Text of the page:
Bungle Fever 2004

Note: This has nothing to do with my politics, Portland and/or drinking beat but whatever.

Back in 2004, I went to New York to simultaneously protest the Republican National Convention and record audio that would later be used for politics programming on WMPG. While I don’t think the audio ended up on the air, I had a blast talking with protestors and delegates alike. I attended a recording of Late Night With David Letterman alongside—no joke—one young anarchist and 398 red, white and denim blue clad Republicans. Jeff Foxworthy and LL Cool J were the guests that night. Before the taping of the show I got to ask Dave where Manny the Hippie ended up, a question to which he cloudily responded after [literally] ten seconds of doubled over laughter. That felt good. I yelled, chanted, avoided arrest, talked with the Reverend Jesse Jackson, met a delegate named Michael Moore (“Not that one”) slept in parks and at the Upright Citizens Brigade Theater (which opened its doors to protestors), and had a great time in the city. The best time I had, though, was at the offices of Ipecac Recordings, Mike Patton and Greg Werckman‘s record label, which was at that time located in the Bowery.

I am recalling this because, for whatever reason, Patton has come up in conversation or through my speakers about a dozen times in the past week by way of his work with John Zorn, Mr. Bungle, Fantômas, Dillinger Escape Plan and many others. A few weeks ago I was reminded of my 2004 protest romp while working through the Bowery. The first album I bought with my own money was the self-titled Mr. Bungle record, and I immersed myself in the various Patton projects throughout the years that followed. I saw Patton’s noise project Fantômas open for Tool in Portland when the latter band was touring around the release of the album Lateralus back in 2001 or 2002. The audience recoiled at the frenetic performance, Patton gloriously spewed the response back at the crowd, and I loved all of it. I saw Patton play a mind-blowing performance [under the banner of Tomahawk] with the Melvins, Melt Banana and others at the Irving Ballroom in New York about a year later, and it was another year later when I would find myself protesting the war-mongering Bush Administration and their thousands of cheerleaders in Manhattan. Before heading to the city by bus, I sent Patton’s label an email to say that I would be in the area and I would love to stop by, just to be able to say I had been to their offices.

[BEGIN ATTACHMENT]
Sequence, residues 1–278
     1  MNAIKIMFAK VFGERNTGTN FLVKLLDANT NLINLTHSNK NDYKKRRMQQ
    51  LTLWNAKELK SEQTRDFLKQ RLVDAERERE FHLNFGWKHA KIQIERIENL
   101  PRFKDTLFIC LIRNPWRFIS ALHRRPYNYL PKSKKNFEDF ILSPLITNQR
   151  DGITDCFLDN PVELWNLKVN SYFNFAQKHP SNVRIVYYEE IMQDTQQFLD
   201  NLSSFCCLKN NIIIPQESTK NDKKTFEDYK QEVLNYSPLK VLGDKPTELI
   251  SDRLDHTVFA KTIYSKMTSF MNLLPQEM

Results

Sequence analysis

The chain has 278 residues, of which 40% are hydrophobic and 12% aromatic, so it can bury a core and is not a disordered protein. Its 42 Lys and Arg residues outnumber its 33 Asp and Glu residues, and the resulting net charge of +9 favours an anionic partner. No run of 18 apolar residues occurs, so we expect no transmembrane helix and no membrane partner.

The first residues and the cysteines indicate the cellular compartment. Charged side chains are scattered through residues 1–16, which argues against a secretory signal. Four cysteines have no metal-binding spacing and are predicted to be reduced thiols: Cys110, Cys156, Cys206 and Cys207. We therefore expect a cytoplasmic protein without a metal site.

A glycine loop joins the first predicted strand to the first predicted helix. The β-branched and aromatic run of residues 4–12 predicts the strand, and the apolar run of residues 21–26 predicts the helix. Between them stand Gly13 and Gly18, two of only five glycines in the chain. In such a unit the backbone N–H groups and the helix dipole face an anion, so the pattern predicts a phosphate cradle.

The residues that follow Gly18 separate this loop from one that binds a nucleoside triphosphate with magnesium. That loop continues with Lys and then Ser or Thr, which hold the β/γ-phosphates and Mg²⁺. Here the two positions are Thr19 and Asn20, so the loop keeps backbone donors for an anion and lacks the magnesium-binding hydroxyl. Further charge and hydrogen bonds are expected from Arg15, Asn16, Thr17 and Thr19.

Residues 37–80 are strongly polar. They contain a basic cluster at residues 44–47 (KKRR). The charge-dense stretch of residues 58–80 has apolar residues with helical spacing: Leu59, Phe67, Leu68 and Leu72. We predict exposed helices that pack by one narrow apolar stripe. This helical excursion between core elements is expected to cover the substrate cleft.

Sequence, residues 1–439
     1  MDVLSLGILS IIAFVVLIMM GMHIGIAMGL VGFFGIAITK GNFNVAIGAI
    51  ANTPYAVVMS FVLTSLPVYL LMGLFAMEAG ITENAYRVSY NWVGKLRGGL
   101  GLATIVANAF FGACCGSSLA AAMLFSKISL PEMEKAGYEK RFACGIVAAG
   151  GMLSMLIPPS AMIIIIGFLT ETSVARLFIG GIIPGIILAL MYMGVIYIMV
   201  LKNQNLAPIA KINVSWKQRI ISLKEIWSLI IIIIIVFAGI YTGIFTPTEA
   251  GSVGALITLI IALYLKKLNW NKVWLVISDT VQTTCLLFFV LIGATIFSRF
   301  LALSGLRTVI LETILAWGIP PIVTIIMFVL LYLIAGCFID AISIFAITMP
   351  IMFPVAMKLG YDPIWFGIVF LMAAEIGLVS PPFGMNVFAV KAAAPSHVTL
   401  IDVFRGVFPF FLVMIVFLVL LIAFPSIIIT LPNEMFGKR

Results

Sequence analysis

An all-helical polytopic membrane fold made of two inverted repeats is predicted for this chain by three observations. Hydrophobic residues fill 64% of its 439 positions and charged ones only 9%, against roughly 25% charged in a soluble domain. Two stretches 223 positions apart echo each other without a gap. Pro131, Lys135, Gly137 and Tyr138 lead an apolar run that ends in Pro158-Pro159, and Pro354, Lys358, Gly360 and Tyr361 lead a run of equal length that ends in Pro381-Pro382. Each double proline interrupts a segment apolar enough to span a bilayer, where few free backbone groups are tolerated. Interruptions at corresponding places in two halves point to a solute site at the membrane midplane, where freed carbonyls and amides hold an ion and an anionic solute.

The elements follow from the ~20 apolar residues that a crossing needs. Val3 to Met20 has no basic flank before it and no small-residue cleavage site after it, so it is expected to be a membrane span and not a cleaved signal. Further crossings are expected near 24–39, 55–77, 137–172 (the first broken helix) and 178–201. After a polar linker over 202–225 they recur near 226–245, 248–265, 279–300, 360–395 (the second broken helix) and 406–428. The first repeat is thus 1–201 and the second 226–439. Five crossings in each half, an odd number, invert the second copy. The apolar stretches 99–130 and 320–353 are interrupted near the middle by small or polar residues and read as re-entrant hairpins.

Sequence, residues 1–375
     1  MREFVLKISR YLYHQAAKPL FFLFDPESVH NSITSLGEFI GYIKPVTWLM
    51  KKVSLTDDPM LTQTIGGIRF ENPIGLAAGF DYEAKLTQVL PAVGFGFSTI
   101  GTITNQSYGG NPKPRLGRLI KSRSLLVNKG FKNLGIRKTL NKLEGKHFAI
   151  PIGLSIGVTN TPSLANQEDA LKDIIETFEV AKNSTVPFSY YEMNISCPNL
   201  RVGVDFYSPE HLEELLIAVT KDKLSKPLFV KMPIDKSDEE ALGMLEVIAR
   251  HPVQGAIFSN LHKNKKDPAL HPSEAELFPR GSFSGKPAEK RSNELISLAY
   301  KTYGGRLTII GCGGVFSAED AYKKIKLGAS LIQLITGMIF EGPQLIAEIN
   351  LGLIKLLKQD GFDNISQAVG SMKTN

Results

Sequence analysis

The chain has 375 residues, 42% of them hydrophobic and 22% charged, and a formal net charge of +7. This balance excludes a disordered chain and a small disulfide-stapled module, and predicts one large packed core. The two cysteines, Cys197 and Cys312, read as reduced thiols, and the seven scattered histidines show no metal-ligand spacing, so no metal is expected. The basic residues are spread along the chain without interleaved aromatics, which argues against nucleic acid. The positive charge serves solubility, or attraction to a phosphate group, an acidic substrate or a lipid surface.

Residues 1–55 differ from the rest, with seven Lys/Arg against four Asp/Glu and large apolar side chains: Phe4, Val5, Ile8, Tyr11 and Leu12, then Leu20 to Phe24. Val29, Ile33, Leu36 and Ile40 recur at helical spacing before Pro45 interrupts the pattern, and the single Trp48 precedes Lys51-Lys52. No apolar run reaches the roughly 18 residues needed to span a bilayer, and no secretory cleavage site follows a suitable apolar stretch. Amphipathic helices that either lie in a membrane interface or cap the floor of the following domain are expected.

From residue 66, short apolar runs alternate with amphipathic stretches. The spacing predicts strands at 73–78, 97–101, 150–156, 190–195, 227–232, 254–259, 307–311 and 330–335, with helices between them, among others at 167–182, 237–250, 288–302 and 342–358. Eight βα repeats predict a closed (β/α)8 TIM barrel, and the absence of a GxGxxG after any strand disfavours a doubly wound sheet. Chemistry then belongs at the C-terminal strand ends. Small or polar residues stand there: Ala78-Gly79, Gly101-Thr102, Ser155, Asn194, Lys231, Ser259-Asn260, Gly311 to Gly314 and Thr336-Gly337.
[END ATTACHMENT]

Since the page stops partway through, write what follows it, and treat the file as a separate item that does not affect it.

I never heard back from anyone at the label, so one day while I was in the city I just stopped by unannounced. It would not be until I would move to New York a couple of years later before I realized that so much of what happens in the city happens in massive, spacious lofts in shitty looking buildings, so I was surprised to be let into this nondescript place and find an open room with messy desks, stacks of CDs and a this woman I remember looking to be a bit into metal who welcomed my unannounced visit. I don’t know what I expected, but having grown up in the 90s I guess I thought that a record label would be stacked with hip-looking, intimidating people and expensive furniture and piles of drugs or whatever, but I was pleasantly surprised to see it as plain and sort of uninteresting as it was. The woman who was there—I regret being unable to recall her name—explained that she knew who I was and had been meaning to get back to my email but things were sort of hectic. There isn’t much to see, she explained, but I was welcome to come back and hang out, rest, or do whatever I needed while I was there in protest, and then she gave me a bag of CDs from the label. The experience was subtle, but it blew my simple, country-boy mind and while I was already a Patton-devotee, my allegiance was further solidified by my random drop-in to Icapec Records back in the Summer of 2004.

Alex Steed

About Alex Steed

Alex Steed has written about and engaged in politics since he was an insufferable teenager. He has run for the Statehouse and produced a successful web series. He now runs a content firm called Knack Factory with two guys who are a lot more talented than himself.